The Queue: Pearl Dick

The Queue: Pearl Dick

Get to know the people featured in the pages of our magazine as they share what's inspiring them right now.

Published on Friday, June 11, 2021.
Blog post cover graphic for The Queue featuring Pearl Dick

Welcome to the Flourish series of The Queue

A biweekly roundup for and by the craft community, The Queue introduces you to the artists, curators, organizers, and more featured in the current issue of American Craft. We invite these inspiring individuals to share personally about their lives and work as well as what's inspiring them right now.

Portrait of Pearl Dick

Pearl Dick. Photo by Kate Bek.

For Pearl Dick, glassblowing is a way to grow and heal

Glass artist, educator, and activist Pearl Dick is the co-founder of Project FIRE (Fearless Initiative for Recovery and Empowerment), a glassblowing and trauma recovery program for youth injured by gun violence in Chicago. An initiative of Firebird Community Arts, Project FIRE is featured as a Community of Makers in the Summer 2021 issue of American Craft. @pearldick

How do you describe your work or practice?
My artistic practice is intertwined with my community and social justice work. I am inspired by the relationships we share through our human connection in my personal artwork, so it’s not a great leap to incorporate that inclination to create in a way that references and includes the input of the people I have the privilege of working with at Firebird Community Arts.

Glass artist holding a rod with molten glowing glass on the end

Pearl Dick at work. Photo by Austin Sprague.

The past year has presented many challenges, from a global pandemic to renewed urgency around issues of racial equity and police brutality. As we slowly move into a post-pandemic world, how are you finding beauty and staying grounded?
This has been, without a doubt, a year of exceptional challenge, but within that, I’m hopeful that it will include changed perspectives. I have had the privilege of health and space to reflect at a slowed pace and am grateful for the opportunity I’ve had to reconnect with myself through exercise, reading, random art-making, and just quiet. The beauty I see is everywhere—in spring blossoms, in a smile, in the collective work towards radical change.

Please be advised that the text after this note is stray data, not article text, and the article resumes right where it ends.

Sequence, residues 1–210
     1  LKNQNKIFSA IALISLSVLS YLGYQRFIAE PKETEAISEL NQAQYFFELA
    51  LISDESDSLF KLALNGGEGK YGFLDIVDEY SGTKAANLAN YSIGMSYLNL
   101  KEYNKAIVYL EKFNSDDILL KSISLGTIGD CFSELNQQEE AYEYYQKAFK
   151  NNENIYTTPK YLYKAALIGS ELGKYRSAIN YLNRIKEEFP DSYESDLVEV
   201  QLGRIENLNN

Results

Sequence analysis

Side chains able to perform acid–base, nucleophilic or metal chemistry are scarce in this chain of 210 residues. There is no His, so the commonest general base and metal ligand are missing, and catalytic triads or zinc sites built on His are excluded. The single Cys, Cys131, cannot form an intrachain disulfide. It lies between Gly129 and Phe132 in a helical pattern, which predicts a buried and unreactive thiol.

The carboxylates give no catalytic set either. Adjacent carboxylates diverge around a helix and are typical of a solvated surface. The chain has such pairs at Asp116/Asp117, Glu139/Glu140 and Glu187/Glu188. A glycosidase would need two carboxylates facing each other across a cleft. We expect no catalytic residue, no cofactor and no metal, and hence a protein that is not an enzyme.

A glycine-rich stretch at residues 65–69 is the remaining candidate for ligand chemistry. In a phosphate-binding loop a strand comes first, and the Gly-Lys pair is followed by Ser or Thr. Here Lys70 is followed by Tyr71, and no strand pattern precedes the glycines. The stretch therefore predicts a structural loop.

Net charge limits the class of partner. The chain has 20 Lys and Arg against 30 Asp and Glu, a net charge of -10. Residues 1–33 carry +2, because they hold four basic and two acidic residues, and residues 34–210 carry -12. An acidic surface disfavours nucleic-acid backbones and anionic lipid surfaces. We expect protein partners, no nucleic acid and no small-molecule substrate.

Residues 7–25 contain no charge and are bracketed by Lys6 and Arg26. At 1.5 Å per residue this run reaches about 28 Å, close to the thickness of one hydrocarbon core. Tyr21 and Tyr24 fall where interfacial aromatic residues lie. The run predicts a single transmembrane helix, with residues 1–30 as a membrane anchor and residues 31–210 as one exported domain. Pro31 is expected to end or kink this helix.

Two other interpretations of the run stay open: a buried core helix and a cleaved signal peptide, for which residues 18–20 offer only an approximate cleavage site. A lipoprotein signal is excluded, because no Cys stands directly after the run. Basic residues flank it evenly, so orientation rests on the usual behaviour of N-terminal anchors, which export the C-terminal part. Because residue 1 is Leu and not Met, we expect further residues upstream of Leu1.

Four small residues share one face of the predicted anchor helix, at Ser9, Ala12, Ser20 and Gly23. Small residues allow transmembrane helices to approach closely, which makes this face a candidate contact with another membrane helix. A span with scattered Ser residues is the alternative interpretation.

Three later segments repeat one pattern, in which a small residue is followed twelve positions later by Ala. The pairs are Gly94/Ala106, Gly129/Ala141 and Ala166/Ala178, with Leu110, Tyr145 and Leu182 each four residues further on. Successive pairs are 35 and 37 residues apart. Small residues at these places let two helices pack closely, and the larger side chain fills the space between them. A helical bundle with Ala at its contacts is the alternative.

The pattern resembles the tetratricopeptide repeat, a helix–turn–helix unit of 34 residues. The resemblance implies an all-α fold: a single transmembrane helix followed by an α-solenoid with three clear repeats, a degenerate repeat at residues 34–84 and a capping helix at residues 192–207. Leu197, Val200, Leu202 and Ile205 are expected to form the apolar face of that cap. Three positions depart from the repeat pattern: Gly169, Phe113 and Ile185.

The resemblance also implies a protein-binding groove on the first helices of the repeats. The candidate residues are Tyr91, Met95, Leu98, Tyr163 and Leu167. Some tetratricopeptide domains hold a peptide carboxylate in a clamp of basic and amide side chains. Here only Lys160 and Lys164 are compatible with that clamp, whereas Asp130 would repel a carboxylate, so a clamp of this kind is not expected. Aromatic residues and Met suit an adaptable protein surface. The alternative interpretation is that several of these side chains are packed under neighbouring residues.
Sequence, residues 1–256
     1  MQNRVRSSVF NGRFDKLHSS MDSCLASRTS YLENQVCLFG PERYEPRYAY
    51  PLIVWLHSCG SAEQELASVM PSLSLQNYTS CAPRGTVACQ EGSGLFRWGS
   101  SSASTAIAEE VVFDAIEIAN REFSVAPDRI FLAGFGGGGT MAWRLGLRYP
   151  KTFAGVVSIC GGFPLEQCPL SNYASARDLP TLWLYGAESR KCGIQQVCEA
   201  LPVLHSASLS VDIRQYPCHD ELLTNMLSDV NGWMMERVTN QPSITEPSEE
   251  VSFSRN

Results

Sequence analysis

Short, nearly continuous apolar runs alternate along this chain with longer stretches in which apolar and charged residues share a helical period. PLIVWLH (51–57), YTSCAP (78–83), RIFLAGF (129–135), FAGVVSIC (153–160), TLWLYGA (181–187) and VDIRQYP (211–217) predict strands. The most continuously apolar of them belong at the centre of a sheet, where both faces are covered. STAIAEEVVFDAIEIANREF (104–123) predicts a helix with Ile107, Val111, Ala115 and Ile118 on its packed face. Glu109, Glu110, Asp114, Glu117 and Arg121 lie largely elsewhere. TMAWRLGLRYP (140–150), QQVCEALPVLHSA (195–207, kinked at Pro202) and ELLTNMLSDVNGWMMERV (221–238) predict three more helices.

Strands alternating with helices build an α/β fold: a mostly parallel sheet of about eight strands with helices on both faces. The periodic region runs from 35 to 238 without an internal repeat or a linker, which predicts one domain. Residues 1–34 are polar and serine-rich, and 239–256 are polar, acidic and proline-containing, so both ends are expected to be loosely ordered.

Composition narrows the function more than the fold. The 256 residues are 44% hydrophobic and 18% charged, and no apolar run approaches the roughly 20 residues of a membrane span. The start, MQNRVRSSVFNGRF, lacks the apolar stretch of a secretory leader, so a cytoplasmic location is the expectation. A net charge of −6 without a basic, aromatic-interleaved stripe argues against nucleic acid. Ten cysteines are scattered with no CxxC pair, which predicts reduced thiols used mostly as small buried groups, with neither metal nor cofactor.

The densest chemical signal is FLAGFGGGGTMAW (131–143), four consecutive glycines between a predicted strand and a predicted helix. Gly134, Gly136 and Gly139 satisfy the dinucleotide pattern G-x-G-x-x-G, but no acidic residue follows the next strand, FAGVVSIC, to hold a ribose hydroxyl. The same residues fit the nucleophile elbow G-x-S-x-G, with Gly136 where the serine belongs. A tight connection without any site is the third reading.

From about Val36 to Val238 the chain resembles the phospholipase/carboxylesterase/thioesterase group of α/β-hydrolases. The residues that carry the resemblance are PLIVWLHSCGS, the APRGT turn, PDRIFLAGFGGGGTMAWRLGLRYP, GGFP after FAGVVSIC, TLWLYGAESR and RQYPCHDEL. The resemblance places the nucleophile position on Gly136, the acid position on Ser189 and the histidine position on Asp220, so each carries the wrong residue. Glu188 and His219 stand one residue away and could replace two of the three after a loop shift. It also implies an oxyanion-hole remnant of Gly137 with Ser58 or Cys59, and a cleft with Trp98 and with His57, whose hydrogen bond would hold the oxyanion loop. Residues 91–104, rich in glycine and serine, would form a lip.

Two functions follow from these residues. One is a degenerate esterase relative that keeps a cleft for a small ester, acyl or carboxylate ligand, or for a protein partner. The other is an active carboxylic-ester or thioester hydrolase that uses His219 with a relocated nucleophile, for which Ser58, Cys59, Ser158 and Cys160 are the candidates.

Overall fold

Two glass heads adorned with colorful glass flowers

Work from Pearl's "Bloom and Grow" series. Photo courtesy of the artist.

The theme of the current issue of American Craft is "Flourish." Can you reflect on that theme as it relates to your work and practice?
My latest body of work, “Bloom and Grow,” was created in collaboration with young people in my studio in Chicago, so this theme of “Flourish” really resonates with me. It incorporates community, mutual respect, and a shared vision of promise that enriches the experienced and the novice equally. This embodies my approach to social justice work. After a year on hold, incubating, we are all ready for profound change and growth, especially in areas of representation: cultivating and amplifying the voices of people of color, women, and queer folks in the glass art community is what “flourishing” looks like to me.

What’s an exhibition or art project you think the world should know about, and why?
I’m really excited to be involved in a project commemorating the Chicago Race Riot of 1919. This event was one of the worst incidences of racial violence in Chicago’s history, and many people are not even aware that it happened. Youth from Project FIRE are collaborating with a group in Chicago who are working to acknowledge this history with the intention of promoting healing. We are creating memorial markers out of glass for each person who was killed to be installed in the public spaces where the violence occurred. Through this project, we have had the opportunity to discuss how this past has informed our present. @ChicagoRaceRiot

Row of people posed in front of a graffitied wall with a pitbull

Pearl with some of the participants in Project FIRE. Photo courtesy of Pearl Dick.

What research or writing are you doing, or seeing others do, that’s kinda cool, and why?
A group I have been following that is doing some really cool, collaborative work is Related Tactics. In particular, their project The Whiteness of Glass calls out the lack of representation in this medium that I love with directives on how to make good on institutional claims to be addressing this issue, while presenting some shocking if not surprising statistics. @relatedtactics

After a year on hold, incubating, we are all ready for profound change and growth, especially in areas of representation: cultivating and amplifying the voices of people of color, women, and queer folks in the glass art community is what “flourishing” looks like to me.

What book should we be reading or paying attention to right now, and why?
I love to read. Reading sustains me, educates me, allows me to escape my reality, inspires me. These are a few books that are on my shelf right now that have impacted me immensely:

Cover of Water Dancer by Ta-Nehisi Coates
Cover of Caste by Isabel Wilkerson
Cover of One Drop by Yaba Blay
Cover of Broken Horses by Brandi Carlile
Cover of 1919 by Eve L Ewing
Cover of the Summer 2021 issue of American Craft

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